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I Forge Iron

Busted Arm, now what!

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Very satisfing when you can make your own parts. Good job. Now 1 out of 4 has broken. While you have your hammer back in operation make you some spares so you don't have to forge them by hand next time. If you make a couple you will never break another one. :)

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Well I think the issue here was a number of things adding up to the catastrophic failure. The hammer is VERY old and the former owners ( who knows which one) paint job covers possible weak points. When I set things up and adjusted the stroke I noted a number of different past settings that caused the hammer to rub or strike itself slightly causing stress points and possible fractures in the arms but I think in the end it was just miss treated and hacked back together just like the poorly welded I-beam framework its mounted on.

As for uploading pics 40meg is huge! but maybe you meant was kb? I think that hints at what the problem could be is a simple code error in allowed file sizes on the storage drive or a corrupt line of code in the save directory just a guess~

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Wesley great job on the the arms. I went back and looked at the hammer it is set-up a lot like my Champion power hammer The adjustment on the top arm is critical. I was told that you place you material under the die and put a piece of 3/4" stock on top and lower the die so it is set the outside points on the spring and the inside points on the hammer head are level. If it double taps before the hammer lifts the hammer its time to re adjust. would not want to see you break an other arm. I put to large a piece of stock in once and jammed it solid real scary. I have a sheet of notes at home I will try to find it you might find it helpful. There is no book on the equipment so I have compiled a list of things other champion hammer users have suggested. It was a big help in getting to know the hammer.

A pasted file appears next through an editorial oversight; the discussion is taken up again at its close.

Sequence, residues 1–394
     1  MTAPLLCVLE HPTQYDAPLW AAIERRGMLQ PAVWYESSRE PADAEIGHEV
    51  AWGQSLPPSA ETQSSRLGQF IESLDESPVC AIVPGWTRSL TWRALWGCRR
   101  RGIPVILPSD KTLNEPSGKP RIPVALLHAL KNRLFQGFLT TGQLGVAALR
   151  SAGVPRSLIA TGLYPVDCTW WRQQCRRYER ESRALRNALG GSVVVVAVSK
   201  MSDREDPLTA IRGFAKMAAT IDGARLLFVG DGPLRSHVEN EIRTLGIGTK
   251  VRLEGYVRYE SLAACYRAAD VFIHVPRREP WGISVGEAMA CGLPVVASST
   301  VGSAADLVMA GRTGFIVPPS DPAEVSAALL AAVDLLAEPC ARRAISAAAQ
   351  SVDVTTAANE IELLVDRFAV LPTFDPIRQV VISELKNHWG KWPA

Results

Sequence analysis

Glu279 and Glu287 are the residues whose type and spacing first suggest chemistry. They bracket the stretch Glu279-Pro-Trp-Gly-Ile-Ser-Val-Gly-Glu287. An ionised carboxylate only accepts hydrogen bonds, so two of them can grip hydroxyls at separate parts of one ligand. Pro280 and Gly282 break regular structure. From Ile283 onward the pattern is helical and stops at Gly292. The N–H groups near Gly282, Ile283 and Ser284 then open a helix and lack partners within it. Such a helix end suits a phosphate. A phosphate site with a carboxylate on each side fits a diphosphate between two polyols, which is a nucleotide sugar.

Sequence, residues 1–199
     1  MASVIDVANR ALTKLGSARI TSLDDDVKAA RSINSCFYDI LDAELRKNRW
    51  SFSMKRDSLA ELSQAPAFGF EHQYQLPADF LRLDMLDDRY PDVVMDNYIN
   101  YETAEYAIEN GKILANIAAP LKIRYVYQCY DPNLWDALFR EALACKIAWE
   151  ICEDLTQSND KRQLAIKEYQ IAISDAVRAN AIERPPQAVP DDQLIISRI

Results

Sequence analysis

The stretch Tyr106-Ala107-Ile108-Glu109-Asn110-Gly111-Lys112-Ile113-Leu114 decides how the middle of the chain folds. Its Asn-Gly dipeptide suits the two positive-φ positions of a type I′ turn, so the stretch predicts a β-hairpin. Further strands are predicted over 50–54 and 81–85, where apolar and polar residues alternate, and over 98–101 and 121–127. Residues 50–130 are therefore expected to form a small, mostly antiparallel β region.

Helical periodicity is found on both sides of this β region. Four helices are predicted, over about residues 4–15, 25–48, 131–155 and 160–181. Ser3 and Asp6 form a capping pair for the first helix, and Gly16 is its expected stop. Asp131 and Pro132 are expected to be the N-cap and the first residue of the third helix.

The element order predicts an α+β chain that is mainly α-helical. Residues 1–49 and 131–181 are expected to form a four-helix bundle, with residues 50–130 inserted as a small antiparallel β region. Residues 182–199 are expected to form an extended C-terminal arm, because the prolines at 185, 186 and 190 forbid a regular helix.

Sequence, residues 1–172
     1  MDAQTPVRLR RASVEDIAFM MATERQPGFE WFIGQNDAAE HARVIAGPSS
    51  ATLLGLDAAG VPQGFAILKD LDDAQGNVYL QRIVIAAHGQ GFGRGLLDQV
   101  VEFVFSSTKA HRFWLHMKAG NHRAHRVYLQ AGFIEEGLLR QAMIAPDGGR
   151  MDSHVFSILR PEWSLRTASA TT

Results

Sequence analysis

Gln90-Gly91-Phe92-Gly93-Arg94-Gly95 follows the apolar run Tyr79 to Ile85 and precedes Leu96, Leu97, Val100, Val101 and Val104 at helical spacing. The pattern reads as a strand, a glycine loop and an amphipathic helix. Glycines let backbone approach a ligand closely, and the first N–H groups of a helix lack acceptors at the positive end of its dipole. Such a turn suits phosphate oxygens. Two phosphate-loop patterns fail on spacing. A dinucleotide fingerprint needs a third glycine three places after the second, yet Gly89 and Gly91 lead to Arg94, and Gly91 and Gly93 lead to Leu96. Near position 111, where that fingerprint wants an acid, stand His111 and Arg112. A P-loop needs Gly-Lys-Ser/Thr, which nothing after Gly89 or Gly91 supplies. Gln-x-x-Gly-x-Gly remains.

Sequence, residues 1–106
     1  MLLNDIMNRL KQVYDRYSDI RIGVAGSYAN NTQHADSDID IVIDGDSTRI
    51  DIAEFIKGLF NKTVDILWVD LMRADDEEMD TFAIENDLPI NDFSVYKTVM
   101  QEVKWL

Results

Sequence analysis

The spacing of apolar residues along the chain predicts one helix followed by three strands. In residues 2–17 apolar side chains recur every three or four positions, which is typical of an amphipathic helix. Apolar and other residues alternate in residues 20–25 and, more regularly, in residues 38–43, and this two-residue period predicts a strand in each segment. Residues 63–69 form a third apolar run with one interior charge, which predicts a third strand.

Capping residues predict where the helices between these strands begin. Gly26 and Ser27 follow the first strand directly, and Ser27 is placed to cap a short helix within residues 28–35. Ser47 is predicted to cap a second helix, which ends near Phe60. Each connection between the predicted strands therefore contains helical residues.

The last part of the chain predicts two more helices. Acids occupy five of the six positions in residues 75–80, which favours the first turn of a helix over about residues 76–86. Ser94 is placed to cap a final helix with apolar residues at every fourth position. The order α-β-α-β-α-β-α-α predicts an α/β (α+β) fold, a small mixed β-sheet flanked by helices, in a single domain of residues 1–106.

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here is a copy of the information collected so far if you have any other tips I would like them thanks

Info from other users

The only place you should not oil is on the drive belt surface area.
One main thing to do.
Make sure the toggle arms. The four arms that conect the ram to the spring arm, are drawn up so they are almost level. Not level. About 3/4" slop. you can measure this by holding a straight edge across the pins holding the arms at the spring, and the main pin through the ram should be about 3/4" of an inch below the straight edge. Play with this to find the optimum stroke for your hammer. This will also be affected by how far down you set the whole ram and spring arm assembly. To start tunning I would set that halfway with the double set screw holding the main pin.
Going back to the toggle arms. If they are too sloppy, the hammer will skip or double hit. When they are too tight you stand a good chance of snapping the toggle arm at the spring pin junction.
One other member recomended not over driving the bottom die wedge. RIGHT ON! My hammer was repaired due to this long before I got it. It is much better to re tighten the wedges every so often than to crack that front piece out. When mine was repaired they set the cracked piece back in place, drilled and tapped for three 3/4" bolts, bolted the 3 bolts after that, then they ground a V all the way around the 3 outside planes and welded it. I have had no problems with it, but I baby it there.

As for other suggestions make sure the arm pins fit well in the spring arm holes. Where the spring wraps around the pin. Those pins should be no more than a 1/16" smaller than the spring holes. If they are sloppy the hammer won't hit right. One of the #0's I tunned had like 1 1/4" pins in a 1 3/4" hole. WAY to sloppy.